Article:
attractive nuisance


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Attractive Nuisance

A feature, especially a dangerous one, on a property that outsiders may be encouraged to abuse, perhaps to their detriment. For example, a trespasser may be tempted to jump off a bridge into a pond. Property owners generally have the responsibility to take reasonable measure to prevent attractive nuisances from being mistreated.

attractive nuisance

A concept in tort law holding that if a person creates or allows a condition to exist on his or her property that a reasonably prudent person would know presents a danger to children, then that person must take steps to protect children of tender years from the condition, especially if it is something known to be attractive to small children.Liability can also be imposed if someone creates such a condition on someone else's property or even in a public place. Examples would be a swimming pool on one's own property,a rope swing installed by a private individual over a pond in a public park,or even an old refrigerator dumped by the side of the road in a rural area,but which could trap and suffocate children inside.Many courts hold that an artificial body of water,such as a pool,is an attractive nuisance but a natural one,such as a pond,is not.

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Part (c) suggests that the defense of attractive nuisance is only available to a certain type of child.
In interpreting the attractive nuisance doctrine in the context of the model presented in the following section, condition (c) is key.
The attractive nuisance doctrine acts as a hybrid rule, applying a no-liability rule with accidents involving a low-cost child, and a negligence rule with accidents involving a high-cost child.
With due care positive for the low-cost child and the landowner but zero for the high-cost child, the attractive nuisance doctrine is efficient with respect to care.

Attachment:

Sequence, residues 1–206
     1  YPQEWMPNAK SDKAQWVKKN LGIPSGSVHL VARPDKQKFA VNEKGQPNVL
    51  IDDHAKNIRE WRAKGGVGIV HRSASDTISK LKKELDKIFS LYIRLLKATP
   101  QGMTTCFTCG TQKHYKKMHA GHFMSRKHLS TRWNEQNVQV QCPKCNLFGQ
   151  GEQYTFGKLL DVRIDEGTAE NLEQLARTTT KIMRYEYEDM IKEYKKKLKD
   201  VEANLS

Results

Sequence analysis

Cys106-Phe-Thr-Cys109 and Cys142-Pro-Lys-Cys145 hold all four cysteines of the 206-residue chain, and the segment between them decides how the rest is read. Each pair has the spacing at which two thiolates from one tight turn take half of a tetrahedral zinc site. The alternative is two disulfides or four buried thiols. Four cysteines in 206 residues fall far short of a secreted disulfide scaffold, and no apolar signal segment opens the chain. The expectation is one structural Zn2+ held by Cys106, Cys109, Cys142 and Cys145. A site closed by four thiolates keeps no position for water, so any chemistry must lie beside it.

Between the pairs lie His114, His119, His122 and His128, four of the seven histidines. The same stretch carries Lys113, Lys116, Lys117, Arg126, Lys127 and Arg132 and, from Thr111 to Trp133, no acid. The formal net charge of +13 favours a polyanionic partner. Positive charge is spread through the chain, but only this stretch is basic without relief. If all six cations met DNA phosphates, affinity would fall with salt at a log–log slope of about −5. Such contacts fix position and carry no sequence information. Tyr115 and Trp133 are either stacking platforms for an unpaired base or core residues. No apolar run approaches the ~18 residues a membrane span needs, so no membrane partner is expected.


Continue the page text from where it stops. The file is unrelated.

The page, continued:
If the attractive nuisance doctrine is applied in this setting to protect the high-cost child, the courts will find the landowner nonnegligent and therefore not liable.
But if attractive nuisance is used as a defense for the high-cost child only, the landowner's expected liability is (1 - [alpha])[p.
Precisely why the attractive nuisance doctrine fails when (3) minimizes social loss can best be illustrated with a specific setting in which by choosing Care, the landowner can completely prevent an accident (i.
Attractive nuisance fails, then, when (3) is the social loss minimum and B > (1- [alpha])[p.
Attractive nuisance, however, will involve some court costs even if all the parties and the courts have perfect information.
It has been argued in this article that attractive nuisance acts as a hybrid liability rule--the landowner faces no liability with accidents involving a low-cost child but faces the negligence rule with accidents involving a high-cost child.
Attractive nuisance also involves information costs, but to the extent that it is easy to distinguish between low-cost and high-cost children, further information costs of using attractive nuisance are only incurred with accidents involving a high-cost child.
Where attractive nuisance fails is when it is efficient for the landowner to choose Care and it is efficient for both the low-cost and high-cost child to choose No Care.